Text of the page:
Tim Bozon THW Close-Up:
*Click Here for “Notes Up Front” and the “Legend” for various topics covered below in the “Live Updated” THW’s NHL 2012 Entry Draft Guide – The Next Ones home page.
The son of former St. Louis Blues forward Philippe Bozon, Tim (or Timothé) Bozon was born in St. Louis but grew up in western Europe, spending winters in Switzerland and summers in France. Until a few years ago, little Switzerland didn’t much figure into the North American hockey scene beyond the crease (Aebischer, Stephan, Gerber, Hillar) or the blue line (Streit, Sbisa, Josi). Nino Neiderreiter and Sven Baertschi represent the promise of an elite Swiss forward in the NHL. So too does Tim Bozon…
… if he were a Swiss National. He recently played for the French national team, and his father is French. Thus his flag is the Tricolore and his blood is French, but his hockey–Swiss.
In 2010-2011 Bozon played with Switzerland’s HC Lugano, where he was averaging just over a point per game. The Kamloops Blazers selected him in the 1st round, 27th overall, in the 2011 CHL Import Draft, allowing him to realize his dream of competing against the best Junior hockey players in the world. Few expected him to maintain his point-per-game average as a WHL rookie, but he did just that, scoring a fabulous 36-35-71 in 71 games for a powerful Blazers squad this past season. Among WHL rookies, his 36 goals were good for first and his 71 points, for second; together they earned him the Western Conference nomination for Rookie of the Year.
In just his second WHL game, Bozon notched three assists; it would be the first of 18 multi-point games for him on the season, highlighted by a four point night against Swift Current (2g, 2a). During an impressive 17 game stretch, Bozon racked up 25 points (11g, 14a) in point streaks of nine games and seven games respectively. Had he earned a single point against the Tri-City Americans on 21 January 2012, a 17-game point streak would have tied him with Medicine Hat’s Emerson Etem for fifth longest in the WHL.
Tim, along with linemates Colin Smith and JC Lipon, helped Kamloops to an impressive 47-win season, and in their first round sweep of the Victoria Royals Bozon picked up four goals. He managed just one goal in the second round against the Portland Winterhawks, a series they lost in seven games but only after coming back from being down 3 games to 0, then in game 4 coming back from a 4-0 deficit, and then winning game 6, one of the greatest games in Kamloops history, an astonishing third period comeback that must be heard to be believed (listen to Jon Keen’s spectacular radio call of Kamloops’ third period goals and try to convince yourself that there are a mere 5,000 people in attendance).
It seems most hockey watchers underestimated Bozon’s ability to adapt to the North American game. He has credited his coaches, teammates and billets for his smooth transition. In a Hockey’s Future podcast from the CHL Top Prospects game in February, the multi-lingual winger said that players coming from Switzerland in general have an easier time adapting to the change in size and speed than their European counterparts because in many cases they have been playing among pro hockey players since they were 16.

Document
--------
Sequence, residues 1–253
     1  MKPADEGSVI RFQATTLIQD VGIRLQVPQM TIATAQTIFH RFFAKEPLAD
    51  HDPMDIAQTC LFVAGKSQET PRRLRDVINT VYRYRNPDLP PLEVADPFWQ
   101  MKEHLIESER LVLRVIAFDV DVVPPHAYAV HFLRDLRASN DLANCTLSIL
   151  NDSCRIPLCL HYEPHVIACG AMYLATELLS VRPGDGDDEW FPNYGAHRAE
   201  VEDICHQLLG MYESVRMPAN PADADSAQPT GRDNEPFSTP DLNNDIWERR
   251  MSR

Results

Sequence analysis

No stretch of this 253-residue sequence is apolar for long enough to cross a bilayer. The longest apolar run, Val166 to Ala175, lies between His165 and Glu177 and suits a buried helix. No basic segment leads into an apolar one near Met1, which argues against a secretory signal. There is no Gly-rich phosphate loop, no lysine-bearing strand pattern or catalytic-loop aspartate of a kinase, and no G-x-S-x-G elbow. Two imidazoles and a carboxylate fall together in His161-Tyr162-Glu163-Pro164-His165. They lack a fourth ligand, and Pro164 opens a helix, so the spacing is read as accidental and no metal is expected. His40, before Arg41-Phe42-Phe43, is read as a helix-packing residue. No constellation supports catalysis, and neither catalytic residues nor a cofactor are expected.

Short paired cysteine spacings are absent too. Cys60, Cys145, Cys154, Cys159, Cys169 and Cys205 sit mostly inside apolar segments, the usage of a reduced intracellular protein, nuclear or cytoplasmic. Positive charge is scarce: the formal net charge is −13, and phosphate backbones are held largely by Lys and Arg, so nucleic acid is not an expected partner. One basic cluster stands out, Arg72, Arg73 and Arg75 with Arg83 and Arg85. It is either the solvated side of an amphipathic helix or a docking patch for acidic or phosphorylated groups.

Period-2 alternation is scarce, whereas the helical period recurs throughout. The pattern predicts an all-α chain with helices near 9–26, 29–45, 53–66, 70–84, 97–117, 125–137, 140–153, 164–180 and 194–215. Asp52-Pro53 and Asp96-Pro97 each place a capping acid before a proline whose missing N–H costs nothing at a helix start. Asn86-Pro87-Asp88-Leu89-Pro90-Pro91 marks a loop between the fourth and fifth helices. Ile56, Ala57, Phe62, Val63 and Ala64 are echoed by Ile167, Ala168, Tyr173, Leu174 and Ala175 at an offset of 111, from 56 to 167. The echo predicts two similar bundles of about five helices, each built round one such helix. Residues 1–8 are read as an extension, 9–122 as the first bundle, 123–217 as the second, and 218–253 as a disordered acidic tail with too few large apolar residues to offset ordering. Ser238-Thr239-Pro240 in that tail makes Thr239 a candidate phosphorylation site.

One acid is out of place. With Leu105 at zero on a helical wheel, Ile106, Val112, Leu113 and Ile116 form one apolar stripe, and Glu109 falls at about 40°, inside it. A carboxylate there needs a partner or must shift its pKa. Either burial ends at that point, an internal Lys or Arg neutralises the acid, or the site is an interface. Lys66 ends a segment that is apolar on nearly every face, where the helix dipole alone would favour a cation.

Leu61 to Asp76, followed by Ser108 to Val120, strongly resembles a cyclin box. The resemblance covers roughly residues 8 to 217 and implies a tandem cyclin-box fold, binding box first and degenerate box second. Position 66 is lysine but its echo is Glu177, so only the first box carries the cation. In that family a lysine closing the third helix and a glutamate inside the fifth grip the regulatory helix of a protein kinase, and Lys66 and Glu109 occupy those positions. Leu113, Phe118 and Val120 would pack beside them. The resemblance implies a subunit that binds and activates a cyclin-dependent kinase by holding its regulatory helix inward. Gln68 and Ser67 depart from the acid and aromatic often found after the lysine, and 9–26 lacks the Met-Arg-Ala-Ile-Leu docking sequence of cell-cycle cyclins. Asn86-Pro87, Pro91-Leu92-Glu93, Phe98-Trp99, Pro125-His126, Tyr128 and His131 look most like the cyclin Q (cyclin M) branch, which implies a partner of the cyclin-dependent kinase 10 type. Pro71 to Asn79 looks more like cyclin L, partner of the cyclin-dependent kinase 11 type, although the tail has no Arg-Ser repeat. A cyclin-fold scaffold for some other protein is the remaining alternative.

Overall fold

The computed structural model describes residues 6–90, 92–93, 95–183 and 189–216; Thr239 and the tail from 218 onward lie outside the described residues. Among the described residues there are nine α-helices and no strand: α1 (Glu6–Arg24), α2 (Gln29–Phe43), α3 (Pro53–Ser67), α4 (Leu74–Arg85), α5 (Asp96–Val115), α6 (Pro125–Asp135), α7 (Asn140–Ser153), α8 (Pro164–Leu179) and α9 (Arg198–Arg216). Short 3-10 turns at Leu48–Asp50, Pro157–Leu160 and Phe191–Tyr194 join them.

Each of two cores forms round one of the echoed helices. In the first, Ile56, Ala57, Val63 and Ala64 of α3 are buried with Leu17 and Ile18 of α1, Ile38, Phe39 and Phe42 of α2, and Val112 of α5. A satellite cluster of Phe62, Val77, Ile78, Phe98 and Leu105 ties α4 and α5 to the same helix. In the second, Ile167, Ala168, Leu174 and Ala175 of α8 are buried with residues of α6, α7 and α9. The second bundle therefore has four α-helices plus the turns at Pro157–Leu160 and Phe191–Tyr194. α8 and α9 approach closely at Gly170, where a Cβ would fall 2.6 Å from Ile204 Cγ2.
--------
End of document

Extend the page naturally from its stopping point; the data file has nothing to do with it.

NHL Central Scouting’s final rankings has Bozon at #42 among North American skaters. On their 17 April top 50 ranking, ISS has Bozon at #39.
“He is a very creative individual, with a tremendous shot and puck skills. He had a terrific first year in the WHL, and his work ethic should take him to another level next season.” — Kamloops coach Guy Charron
“Along with his skating, his offensive abilities are his strongest attributes. He’s got great hands, is an excellent handler of the puck and is both a strong passer and shooter. He spends quite a bit of time hovering around the offensive zone and around the goal, even if he isn’t overly physical.” — Cody Nickolet, WHL From Above.
“… the lanky forward has shown a solid offensive skillset, showcasing a quick release and slick passing skills to go along with quick footwork and a strong work ethic. Bozon will need to continue to work on his defensive zone play, and will need to exert a more consistent nightly effort, and will also need to bulk up his frame. “ — The Scouting Report: Midterm Rankings.
ETA = 5 yrs
Risk = 4/5 Reward = 5/5
Top 6 Forward
*See “THW Close-Up” section above.
- Gifted offensively, the kind of skills you can’t teach.
- Gifted agitator, and he can do it in four languages.
Flaws/Aspects He Needs To Work On:
- Two-way, three-zone game.
- To play a power forward’s game, he’ll need some bulk. But the NHL comparisons cited below don’t point in that direction.
Fantasy Hockey Potential:
Offensive = 8/10 Defensive = 6/10
NHL Player(s) Comparison:
Mason Raymond, Mike Ribeiro.
At the CHL Top Prospects skills competition this past February, Tim came within an inch or two of YouTube super-stardom with this gravity-defying shootout move:
Off The Iron (Interesting Notes):
- Born in North America– an offensive dynamo with the Kamloops Blazers– played for a European National team and for Switzerland’s HC Lugano– anyone else think Hnat Domenichelli is trying to play out Tim Bozon’s career in reverse?
THW’s The Next Ones prospect profile template design architect: Chris Ralph